Mr. Crocker is worth nobody knows how many millions of dollars. Perhaps thirty or forty; it may be fifty. He has not, of course, so many actual dollars in his possession, but he has the power of obtaining the produce of labor, in whatever form he may choose to call for it, to that amount. He certainly by no labor of hand or head, could have got a million dollars’ worth of wealth, or the hundredth part of a million dollars’ worth of wealth. When men like Mr. Crocker can get the produce of labor without honestly laboring for it, is it not therefore clear that the men who do honestly labor must get less than they fairly earn?
In the meantime Jacob Sharp is being brought to trial, and sits in court with the state prison staring him in the face. Mr. Sharp is an energetic and persistent man, who takes the world as he finds it, and who saw that New York needed a great public convenience, a railroad on Broadway. The land owners along Broadway had been for years suffered to prevent the building of a railroad, and with things as they are Mr. Sharp saw that the only way to get a Broadway railroad was to bribe the board of aldermen. This he did, and thanks to him and his bribery the means of transportation along Broadway are now a great deal better than when the public were confined to the lumbering old omnibuses.
But another syndicate envied Mr. Sharp and his spoils, and after being harassed half to death he is now on trial, with a good [text missing] the state prison. Yet in reality he has only done on a comparatively small scale what Mr. Crocker and his associates have done on a large scale. In reality he has only done what in the code of morals that prevails among the richer classes of New York and the country generally it is considered perfectly legitimate to do. Jacob Sharp’s real crime is in being legally found out. If this had not occurred he would be today one of New York’s most respected citizens, in spite of the fact that everybody knew that he had bribed the board of aldermen. And in what is he worse than the “saviors of society” who give thousands and thousands of dollars for the corruption of politics and the buying of voters whenever it suits their purposes? In what is he worse than the officials who try him? Jacob Sharp, the prisoner, and “Fatty” Walsh, the prison keeper! is there not something incongruous in that? It may be refreshing to see a boodler sent to prison and a boodle put on trial, but rare spectacles of this sort cannot much affect boodleism.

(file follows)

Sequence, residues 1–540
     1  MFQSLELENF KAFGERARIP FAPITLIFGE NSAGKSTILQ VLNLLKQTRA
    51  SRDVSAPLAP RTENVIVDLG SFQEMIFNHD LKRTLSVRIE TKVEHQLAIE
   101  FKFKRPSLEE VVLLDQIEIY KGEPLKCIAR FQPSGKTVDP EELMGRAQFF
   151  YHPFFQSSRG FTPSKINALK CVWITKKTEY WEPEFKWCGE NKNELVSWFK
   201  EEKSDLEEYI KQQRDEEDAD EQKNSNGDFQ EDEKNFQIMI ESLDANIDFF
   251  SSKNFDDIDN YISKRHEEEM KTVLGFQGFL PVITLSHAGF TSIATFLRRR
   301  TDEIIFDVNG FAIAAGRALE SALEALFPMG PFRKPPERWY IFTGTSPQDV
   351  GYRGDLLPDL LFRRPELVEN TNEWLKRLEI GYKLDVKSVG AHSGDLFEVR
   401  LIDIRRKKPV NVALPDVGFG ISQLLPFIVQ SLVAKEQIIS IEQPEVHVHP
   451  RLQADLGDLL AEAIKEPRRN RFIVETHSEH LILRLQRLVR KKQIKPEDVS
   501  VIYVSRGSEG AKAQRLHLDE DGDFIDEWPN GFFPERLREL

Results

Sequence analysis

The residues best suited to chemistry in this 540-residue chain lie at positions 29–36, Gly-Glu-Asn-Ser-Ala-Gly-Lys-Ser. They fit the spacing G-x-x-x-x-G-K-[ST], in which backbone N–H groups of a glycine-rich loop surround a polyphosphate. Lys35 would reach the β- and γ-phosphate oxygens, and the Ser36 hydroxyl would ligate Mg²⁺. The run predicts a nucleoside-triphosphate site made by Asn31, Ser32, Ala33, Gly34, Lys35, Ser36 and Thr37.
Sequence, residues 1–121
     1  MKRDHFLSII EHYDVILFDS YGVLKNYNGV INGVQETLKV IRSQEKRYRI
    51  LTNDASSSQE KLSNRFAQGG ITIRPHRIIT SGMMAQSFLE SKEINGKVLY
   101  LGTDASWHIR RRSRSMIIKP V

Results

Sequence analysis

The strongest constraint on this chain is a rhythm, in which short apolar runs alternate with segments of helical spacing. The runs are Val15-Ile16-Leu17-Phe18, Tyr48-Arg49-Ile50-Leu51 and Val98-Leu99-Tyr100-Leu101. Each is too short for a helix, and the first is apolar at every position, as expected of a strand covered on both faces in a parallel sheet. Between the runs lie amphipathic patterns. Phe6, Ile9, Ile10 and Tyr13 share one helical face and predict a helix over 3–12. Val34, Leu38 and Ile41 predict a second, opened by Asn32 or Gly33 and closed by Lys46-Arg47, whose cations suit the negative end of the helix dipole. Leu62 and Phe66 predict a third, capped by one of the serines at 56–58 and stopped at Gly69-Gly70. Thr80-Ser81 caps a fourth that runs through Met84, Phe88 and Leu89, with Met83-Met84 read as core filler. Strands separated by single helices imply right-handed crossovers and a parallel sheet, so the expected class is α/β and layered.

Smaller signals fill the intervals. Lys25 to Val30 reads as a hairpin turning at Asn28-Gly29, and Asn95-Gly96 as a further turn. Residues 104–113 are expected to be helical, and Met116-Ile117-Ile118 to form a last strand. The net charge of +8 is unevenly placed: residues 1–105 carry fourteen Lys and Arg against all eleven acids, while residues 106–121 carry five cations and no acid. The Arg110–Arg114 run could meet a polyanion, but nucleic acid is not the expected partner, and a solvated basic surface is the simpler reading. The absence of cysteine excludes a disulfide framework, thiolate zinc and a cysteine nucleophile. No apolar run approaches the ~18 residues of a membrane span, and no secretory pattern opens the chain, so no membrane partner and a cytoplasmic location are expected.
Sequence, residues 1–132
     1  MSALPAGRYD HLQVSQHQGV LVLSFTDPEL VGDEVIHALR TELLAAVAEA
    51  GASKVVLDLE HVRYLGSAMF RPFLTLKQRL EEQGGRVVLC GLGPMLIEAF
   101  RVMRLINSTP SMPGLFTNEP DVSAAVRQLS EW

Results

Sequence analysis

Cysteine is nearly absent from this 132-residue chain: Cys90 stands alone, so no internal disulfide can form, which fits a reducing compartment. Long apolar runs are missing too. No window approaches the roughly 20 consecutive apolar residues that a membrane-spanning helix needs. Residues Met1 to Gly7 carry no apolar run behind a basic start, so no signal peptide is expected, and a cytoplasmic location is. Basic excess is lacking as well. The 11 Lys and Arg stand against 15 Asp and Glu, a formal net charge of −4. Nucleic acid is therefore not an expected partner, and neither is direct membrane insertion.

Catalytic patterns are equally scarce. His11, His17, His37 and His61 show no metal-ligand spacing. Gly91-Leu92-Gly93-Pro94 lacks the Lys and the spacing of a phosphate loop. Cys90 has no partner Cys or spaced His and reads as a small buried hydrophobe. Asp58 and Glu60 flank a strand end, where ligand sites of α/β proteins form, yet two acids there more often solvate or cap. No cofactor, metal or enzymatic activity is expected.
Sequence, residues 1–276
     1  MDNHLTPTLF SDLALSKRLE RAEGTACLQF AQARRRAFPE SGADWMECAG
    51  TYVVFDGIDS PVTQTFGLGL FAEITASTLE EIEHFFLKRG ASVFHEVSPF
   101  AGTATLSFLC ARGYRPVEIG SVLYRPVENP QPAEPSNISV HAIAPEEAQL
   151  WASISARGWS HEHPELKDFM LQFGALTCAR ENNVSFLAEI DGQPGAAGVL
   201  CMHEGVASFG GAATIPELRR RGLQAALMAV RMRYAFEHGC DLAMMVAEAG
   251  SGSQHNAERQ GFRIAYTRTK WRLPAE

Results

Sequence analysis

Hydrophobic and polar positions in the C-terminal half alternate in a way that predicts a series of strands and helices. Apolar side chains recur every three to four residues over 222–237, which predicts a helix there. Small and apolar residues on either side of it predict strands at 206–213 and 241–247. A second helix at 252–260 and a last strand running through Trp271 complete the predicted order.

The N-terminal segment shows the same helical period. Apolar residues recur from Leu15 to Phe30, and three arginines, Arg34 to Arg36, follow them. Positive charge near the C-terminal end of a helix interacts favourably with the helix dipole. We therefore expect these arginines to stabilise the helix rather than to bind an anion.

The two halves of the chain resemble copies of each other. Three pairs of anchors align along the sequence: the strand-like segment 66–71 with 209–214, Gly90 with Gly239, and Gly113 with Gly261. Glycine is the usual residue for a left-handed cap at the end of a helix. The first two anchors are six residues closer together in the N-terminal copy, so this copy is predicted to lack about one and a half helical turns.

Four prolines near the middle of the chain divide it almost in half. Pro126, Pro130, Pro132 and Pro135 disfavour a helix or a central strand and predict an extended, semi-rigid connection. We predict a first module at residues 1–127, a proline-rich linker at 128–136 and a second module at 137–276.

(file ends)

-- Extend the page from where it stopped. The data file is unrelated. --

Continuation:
Mr. Charles A. Dana, in the Sun, prints one of those logical articles that are so well calculated to assure men who can afford to pay their cooks five thousand dollars a year, that the people who, by the hardest work, can only get a dollar or two a day, and think themselves fortunate when they get that, are kicking against the pricks of the inevitable when they complain of their lot. Mr. Dana figures it out that if all the wealth of the country were divided per capita, the individual American, man, woman or child, would only have two hundred and seventy-two dollars and forty-five cents’ worth.